In a transaction update today, Clearwire (NASDAQ:CLWR, news, filings) revealed that it has decided to dip into the funds that Sprint Nextel (NYSE:S, news, filings) offered to lend it as part of its proposed merger of the company. They’re going to take the $80M in financing Sprint provided for the month of March, which comes in the form of notes exchangeable for common stock at $1.50 per share.
That will no doubt soon prompt some sort of expression of disappointment from Dish, whose competing non-binding offer is still in limbo. Various of Clearwire’s minority shareholders are agitating loudly for a higher price, and Dish itself has been trying to turn the stalemate into a happy partnership somehow. The problem is that it’s not a stalemate, as today’s dip into Sprint’s funding demonstrates. Clearwire’s not pulling the plug on Dish’s offer, but taking the money is nevertheless going to make it harder to roll back the clock to a point at which it can change its mind.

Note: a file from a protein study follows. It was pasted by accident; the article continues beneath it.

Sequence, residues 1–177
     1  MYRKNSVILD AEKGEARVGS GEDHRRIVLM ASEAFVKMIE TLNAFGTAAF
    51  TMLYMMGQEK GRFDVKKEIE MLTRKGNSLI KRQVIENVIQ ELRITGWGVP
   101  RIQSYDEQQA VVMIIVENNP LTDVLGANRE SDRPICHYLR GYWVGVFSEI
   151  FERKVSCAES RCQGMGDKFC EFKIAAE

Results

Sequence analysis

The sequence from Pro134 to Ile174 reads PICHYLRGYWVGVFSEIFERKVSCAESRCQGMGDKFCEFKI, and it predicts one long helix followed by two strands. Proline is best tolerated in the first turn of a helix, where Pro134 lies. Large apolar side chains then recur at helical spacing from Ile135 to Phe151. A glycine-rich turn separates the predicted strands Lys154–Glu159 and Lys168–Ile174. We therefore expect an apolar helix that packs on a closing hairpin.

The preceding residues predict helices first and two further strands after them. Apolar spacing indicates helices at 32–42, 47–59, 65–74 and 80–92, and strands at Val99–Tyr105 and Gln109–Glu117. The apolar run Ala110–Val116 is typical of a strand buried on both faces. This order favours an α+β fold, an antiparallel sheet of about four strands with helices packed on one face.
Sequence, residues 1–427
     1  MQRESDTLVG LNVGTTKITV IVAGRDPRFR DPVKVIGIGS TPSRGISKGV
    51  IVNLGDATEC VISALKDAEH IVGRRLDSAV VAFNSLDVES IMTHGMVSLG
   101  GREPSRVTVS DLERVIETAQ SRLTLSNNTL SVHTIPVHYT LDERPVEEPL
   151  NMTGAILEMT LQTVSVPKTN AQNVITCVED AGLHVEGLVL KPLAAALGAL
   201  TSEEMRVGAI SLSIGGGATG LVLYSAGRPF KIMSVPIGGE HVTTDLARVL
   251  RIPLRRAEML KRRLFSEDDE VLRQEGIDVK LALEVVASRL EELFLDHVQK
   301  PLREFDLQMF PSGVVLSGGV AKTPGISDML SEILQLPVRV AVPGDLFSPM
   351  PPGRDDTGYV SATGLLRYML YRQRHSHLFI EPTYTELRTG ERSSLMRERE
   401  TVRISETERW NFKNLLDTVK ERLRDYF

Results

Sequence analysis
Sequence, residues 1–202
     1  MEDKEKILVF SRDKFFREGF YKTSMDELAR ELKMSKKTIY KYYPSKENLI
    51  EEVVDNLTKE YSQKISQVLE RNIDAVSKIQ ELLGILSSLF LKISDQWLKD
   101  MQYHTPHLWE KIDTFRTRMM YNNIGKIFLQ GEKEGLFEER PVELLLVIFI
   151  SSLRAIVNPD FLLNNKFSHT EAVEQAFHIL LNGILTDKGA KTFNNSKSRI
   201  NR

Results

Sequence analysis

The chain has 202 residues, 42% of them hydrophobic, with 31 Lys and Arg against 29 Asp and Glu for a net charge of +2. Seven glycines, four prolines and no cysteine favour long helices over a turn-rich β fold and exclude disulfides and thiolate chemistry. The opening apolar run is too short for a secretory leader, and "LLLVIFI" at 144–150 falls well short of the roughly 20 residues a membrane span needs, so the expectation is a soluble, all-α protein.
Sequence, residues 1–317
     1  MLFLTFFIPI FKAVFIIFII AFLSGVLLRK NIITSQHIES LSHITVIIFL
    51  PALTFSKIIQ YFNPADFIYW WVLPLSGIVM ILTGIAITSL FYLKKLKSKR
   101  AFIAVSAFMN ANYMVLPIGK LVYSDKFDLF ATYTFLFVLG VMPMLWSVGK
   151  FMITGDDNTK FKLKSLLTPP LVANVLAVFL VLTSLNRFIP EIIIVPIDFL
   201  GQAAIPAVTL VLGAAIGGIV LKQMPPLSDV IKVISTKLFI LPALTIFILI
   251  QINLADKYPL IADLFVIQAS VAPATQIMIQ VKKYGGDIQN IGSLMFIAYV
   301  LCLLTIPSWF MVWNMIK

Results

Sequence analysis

For the jaded among us, this whole thing has been a very predictable dance. Clearwire wants to get the Sprint deal through, but if it doesn’t give the offer from Dish sufficiently careful attention then bad things happen. So they have spent what they hope is sufficient time considering their options to satisfy the crowd, twiddling their thumbs on the build-out, and now they’re going to get on with it.
The next step in this play is for Sprint to make a token increase in its bid, with the blessing of Softbank and Masayoshi Son, which can perhaps make up the difference by using part of the $2B it saved by hedging against the transaction’s changing cost in yen. Clearwire’s board will then take the opportunity to shut down Dish’s offer once and for all, and all that will be left is the lawyers. Unless of course Dish can get enough minority shareholders to play chicken with Sprint and make them blink.